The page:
A self described "pro-sex, pro-life and pro-gay marriage" Republican, McCain would prefer the Republican Party stray away from abstinence only education and drop its support for the military's "Don't Ask, Don't Tell" policy.
Since its announcement in March, the University of Notre Dame's decision to invite President Barack Obama to give this year's commencement address and receive an honorary doctorate in law has been a big story for American Catholics. Pro-life Catholics were outraged and more than 366,000 people signed a petition urging Notre Dame to rescind the invitation. Somehow, though, the controversy didn't merit notice by the broadcast networks. They refused to cover it.
Yet after the fact, Obama's commencement address led ABC and NBC's evening news programs on May 17. (CBS' "Evening News" was preempted by golf, but anchor Russ Mitchell did offer a newsbreak that included a brief mention of Obama's address.) The broadcast networks' morning news programs, including CBS, also discussed Obama's speech. In each case they praised his words and ignored what had stirred so much controversy: the president's history of supporting even the most extreme abortion rights measures. And they turned to mostly liberal Catholics to provide context and perspective on the debate.
Not only does Pope Benedict XVI have crappy PR, he has absolutely no excuse for it, Newsweek religion editor Lisa Miller informs readers in a May 14 piece written for the May 25 dead-tree edition. Yet while insisting that her advice is submitted "with respect," Miller failed to remove the log from her own eye by considering the role that she and other reporters play in trumping up alleged papal PR blunders by virtual of their biased, shoddy reporting (emphasis mine):
Benedict makes international news only when he does something thoughtless (like "reconciling" with a Holocaust-denying bish-op) or when he fumbles in public, as he did on the plane to Cameroon in March when he awkwardly noted that AIDS "cannot be overcome by the distribution of prophylactics; on the contrary, they increase it." This remark, though in keeping with his theology, reverberated in the media echo chamber for a week—overshadowing other stops that might have served him better, such as meeting with representatives of Cameroon's Muslim community and a mass for as many as a million people in Angola. Benedict will never be John Paul, but why don't he and his people do a better job—to be perfectly crass about it—marketing their message?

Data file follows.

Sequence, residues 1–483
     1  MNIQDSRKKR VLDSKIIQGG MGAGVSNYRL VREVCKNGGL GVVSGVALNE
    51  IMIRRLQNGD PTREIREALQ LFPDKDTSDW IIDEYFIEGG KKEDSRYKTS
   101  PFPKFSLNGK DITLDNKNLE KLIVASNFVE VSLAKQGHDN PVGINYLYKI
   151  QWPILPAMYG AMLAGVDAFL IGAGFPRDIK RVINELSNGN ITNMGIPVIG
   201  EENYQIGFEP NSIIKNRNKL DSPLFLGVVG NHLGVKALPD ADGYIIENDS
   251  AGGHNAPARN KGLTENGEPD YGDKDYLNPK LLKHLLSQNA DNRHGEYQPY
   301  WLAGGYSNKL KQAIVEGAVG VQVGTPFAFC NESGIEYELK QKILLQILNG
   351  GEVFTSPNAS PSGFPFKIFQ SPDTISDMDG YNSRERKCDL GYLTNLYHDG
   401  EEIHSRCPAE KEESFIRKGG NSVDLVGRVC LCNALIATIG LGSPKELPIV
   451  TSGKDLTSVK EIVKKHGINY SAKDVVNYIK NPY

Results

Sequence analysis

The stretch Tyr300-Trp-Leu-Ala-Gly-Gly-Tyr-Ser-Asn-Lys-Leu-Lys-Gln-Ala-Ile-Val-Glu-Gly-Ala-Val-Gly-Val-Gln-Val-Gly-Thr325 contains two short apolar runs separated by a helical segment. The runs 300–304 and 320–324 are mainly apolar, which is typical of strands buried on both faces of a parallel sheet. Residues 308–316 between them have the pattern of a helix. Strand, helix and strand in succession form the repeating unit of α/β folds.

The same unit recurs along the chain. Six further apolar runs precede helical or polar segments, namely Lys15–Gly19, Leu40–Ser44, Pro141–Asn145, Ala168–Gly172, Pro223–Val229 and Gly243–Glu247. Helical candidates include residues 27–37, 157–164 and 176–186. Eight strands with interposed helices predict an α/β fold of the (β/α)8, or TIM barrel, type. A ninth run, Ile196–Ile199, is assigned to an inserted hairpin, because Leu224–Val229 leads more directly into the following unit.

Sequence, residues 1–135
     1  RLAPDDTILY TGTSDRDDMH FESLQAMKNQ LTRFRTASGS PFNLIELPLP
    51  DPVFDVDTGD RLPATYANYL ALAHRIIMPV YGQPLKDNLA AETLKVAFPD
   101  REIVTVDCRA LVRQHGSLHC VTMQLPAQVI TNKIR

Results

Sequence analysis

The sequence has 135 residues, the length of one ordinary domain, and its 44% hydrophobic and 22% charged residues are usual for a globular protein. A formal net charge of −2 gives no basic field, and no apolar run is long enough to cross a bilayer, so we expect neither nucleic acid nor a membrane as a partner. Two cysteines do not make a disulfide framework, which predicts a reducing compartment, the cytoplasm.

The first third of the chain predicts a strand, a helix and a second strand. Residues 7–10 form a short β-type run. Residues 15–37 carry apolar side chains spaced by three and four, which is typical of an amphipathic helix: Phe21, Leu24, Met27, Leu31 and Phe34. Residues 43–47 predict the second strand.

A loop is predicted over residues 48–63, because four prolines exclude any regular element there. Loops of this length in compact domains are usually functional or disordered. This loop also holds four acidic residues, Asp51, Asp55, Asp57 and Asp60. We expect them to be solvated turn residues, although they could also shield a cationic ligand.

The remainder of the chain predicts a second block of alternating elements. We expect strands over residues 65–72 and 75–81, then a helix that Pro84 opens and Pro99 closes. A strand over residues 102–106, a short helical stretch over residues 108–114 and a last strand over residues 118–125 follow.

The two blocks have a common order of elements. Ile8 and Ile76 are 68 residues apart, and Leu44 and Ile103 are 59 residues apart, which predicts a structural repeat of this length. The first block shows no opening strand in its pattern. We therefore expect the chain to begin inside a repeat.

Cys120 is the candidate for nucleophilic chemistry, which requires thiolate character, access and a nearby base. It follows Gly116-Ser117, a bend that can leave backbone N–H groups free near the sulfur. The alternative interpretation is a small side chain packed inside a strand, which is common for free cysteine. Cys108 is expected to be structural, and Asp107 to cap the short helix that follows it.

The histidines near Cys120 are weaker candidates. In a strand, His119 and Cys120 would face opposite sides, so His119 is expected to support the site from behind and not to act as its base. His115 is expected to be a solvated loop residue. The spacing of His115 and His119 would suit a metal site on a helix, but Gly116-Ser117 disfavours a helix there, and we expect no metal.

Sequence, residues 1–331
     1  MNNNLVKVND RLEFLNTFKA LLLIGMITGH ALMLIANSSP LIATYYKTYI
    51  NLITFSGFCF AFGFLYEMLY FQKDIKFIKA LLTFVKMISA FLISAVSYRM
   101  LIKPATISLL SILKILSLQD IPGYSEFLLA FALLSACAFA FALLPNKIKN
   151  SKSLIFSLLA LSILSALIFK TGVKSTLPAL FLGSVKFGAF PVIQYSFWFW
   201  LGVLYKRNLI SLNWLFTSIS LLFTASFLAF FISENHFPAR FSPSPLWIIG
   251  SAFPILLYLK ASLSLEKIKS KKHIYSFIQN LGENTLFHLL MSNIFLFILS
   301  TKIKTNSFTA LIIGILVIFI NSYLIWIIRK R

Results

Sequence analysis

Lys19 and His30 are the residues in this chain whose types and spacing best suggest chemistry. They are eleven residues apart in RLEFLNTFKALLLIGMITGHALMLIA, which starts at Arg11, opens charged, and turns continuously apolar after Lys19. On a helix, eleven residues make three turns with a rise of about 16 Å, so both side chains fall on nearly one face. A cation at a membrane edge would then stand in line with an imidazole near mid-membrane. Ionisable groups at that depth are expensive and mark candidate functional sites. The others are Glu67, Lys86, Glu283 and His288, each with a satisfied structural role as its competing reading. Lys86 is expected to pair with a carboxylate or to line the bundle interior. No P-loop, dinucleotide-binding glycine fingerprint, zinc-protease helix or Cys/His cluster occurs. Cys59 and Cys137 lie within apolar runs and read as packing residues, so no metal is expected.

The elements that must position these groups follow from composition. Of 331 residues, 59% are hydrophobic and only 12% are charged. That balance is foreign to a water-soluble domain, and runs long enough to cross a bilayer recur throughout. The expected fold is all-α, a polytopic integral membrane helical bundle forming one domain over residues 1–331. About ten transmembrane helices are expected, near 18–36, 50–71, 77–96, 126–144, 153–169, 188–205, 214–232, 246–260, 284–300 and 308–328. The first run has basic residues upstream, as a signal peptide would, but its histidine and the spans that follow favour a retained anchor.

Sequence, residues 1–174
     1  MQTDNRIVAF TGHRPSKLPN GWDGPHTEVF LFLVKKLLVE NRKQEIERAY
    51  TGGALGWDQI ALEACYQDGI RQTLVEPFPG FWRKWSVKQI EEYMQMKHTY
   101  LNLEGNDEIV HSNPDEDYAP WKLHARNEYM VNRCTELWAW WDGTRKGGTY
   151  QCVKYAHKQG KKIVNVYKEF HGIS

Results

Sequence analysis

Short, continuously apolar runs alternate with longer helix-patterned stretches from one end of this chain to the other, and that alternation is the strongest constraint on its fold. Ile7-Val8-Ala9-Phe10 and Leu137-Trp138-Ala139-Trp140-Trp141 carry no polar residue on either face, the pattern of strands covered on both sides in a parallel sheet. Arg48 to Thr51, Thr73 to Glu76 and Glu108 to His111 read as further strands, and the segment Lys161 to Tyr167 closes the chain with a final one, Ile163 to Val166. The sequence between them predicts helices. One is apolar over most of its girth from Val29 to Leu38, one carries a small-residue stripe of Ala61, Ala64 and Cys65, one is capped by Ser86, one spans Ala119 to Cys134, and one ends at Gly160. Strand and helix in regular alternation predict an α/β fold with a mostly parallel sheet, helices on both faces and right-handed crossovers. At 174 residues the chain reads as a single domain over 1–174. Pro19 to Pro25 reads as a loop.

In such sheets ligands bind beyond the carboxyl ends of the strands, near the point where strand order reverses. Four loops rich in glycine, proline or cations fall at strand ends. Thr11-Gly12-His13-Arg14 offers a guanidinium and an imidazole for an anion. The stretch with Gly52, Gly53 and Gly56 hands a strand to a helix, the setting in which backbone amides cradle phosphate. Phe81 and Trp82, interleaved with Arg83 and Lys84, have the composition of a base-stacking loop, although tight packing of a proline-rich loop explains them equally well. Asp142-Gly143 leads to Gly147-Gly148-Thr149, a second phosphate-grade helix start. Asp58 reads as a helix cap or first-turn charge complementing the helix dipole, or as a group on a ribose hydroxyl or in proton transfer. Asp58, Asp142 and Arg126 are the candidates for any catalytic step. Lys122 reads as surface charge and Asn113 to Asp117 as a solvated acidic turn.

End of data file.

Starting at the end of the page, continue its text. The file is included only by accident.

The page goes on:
While Miller tries to insist that the Pope would be more loved and respected if only he had a better PR shop, she betrays the fact that she really finds fault with his steadfast adherence to traditional Catholic teachings, particularly on sexual morality. Far from constituting a "fumble," back in March a top AIDS researcher -- no conservative Catholic he -- defended as accurate the Pope's remarks on condoms and AIDS infection rates in Africa. It seems that Miller is either ignorant of or willingly disregards this fact two months later. As I noted in NewsBusters back then:
So wrote Iovine in a Huffington Post article Friday.
In a piece cutely titled "Switching Sides Later in Life," the former Playmate of the Month and mother of four explained why so "many of [her] formerly married-with-children Girlfriends have bolted from their traditional family geometry and found true love with other women":
The same-sex marriage controversy that hijacked the recent Miss USA pageant-and our televisions and radios every day since-has now claimed another victim: Miss California co-director Shanna Moakler. With Donald Trump having decided to let Carrie Prejean keep her crown, there is apparently not room enough for both beauty queens, and Moakler has chosen to resign out of principle, “to be a role model for [her] children.”
What, exactly, is the principle that Moakler must resign to protect? It likely has nothing to do with the scandal over Prejean’s topless photos, since Moakler has shown far more of herself in Playboy. No, Moakler’s concern is Prejean’s insistence on pressing a political agenda: “In the entire history of Miss USA, no reigning titleholder has so readily committed her face and voice to a more divisive or polarizing issue.”
On May 15. Julie Chen, co-anchor of CBS' "The Early Show" glossed over a declaration from former Miss California co-executive director that the National Organization for Marriage is a hate group
After her resignation from her Miss California position, Moakler went on the show in an exclusive interview to discuss her departure. Donald Trump's announcement in a press conference on May 13 that Carrie Prejean would keep her title as Miss California led to her departure, and Moakler criticized Prejean in the interview.